Spacecraft crews continue to battle an issue with one the two enormous solar arrays of NASA's new mission, which was launched days after NASA's original mission to investigate a mysterious group if asteroids.
The Lucy spacecraft will fly by eight asteroids. Most of them Trojans, which circle the sun in the exact same orbit as Jupiter, but ahead or behind that massive planet. It will use two solar arrays that are more than 24ft (7m) in size to accomplish this task. After launch on Saturday, Oct. 16, the spacecraft deployed two solar arrays. However, only one of them appeared to have been properly secured when it was released.
Since then, mission personnel have been simultaneously working to evaluate the second solar array as well as to complete the tasks that Lucy requires at this stage in its journey. NASA officials stated Tuesday, Oct. 19, that the spacecraft could continue to operate with the solar arrays in their current configuration and that the glitch wasn't the end for Lucy's mission.
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NASA officials stated that the team is continuing its assessment and that an attempt to deploy the entire solar array by the end of next week was planned.
The deployment process took approximately 20 minutes and began an hour after launch. Engineers were aware of this fact from the beginning.
"During deployment there are literally thousands and tiny mechanisms and flexures which are deploying those wings as a Chinese fan," Katie Oakman (Lucy structures and mechanisms lead at Lockheed Martin Space), said during a prelaunch conference.
It seems that one of the steps on a solar array didn't go according to plan. NASA officials stated in the statement that "Analysis currently indicates the second solar array has partially unfurled."
Mission personnel are still trying to figure out how troublesome the array is. The statement continued, "The team continues looking at all available engineering data in order to determine how far it has been deployed." The solar array generates nearly the same power as the fully deployed wing. This power level is sufficient to keep the spacecraft functioning and healthy."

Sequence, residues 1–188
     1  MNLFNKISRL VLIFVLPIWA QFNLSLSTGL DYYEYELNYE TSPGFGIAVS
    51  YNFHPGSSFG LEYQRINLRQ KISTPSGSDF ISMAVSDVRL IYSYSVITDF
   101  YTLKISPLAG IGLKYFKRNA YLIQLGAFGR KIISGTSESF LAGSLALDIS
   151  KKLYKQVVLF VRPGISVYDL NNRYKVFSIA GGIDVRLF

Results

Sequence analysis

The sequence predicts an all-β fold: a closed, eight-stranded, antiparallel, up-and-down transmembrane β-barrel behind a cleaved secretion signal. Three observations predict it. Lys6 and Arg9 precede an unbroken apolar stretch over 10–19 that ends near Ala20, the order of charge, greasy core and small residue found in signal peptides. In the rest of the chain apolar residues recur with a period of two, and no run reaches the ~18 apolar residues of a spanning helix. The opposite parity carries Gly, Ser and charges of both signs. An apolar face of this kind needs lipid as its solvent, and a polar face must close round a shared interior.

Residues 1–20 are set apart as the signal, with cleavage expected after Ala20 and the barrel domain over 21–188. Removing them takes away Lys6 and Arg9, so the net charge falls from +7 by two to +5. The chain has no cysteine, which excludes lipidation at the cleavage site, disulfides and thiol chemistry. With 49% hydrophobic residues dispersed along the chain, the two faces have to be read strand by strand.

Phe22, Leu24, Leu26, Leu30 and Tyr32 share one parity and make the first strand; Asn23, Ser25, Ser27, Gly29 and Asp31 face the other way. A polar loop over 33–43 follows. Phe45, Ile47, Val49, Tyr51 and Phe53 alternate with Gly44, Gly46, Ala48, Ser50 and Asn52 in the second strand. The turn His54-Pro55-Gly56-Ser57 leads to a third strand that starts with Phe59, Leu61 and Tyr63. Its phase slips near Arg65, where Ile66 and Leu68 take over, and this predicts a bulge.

This is not surprising considering Lucy's arrays were designed to provide the spacecraft with much less sunlight than it currently receives. NASA reports that the sun's strength at Jupiter's orbital distance to our star is approximately 25 times less than what we get near Earth.
Oakman stated that the wings are capable of producing 18,000 watts of electricity when they're close to Earth. This would power up my house as well as a few of my neighbors. "But, we have only 500 watts power when we fly to Jupiter Trojan asteroids. That would light only a few bulbs in my living room, and not enough to heat my coffee in the morning.
She also pointed out that Lucy's instruments can collect data during flybys and use only 82 watts.
Engineers are also working on post-launch tasks, as the mission team continues to assess the state of the second Solar array.
According to the release, Lucy required "increased autonomy" and "spacecraft configuration changes" on Tuesday so that it entered cruise mode. It is also using its thrusters for small adjustments to its momentum.
The team won the mission and decided that a backup trajectory correction maneuver was unnecessary. Since the spacecraft is exactly where it needs, they will wait until mid-December to perform the first one.
The spacecraft has not deployed its instrument-pointing platform yet, a concession to the solar array situation. This was scheduled to happen approximately two days after launch.
According to the statement, the Lucy team isn’t certain if the incident will have any long-term consequences for other scheduled activities.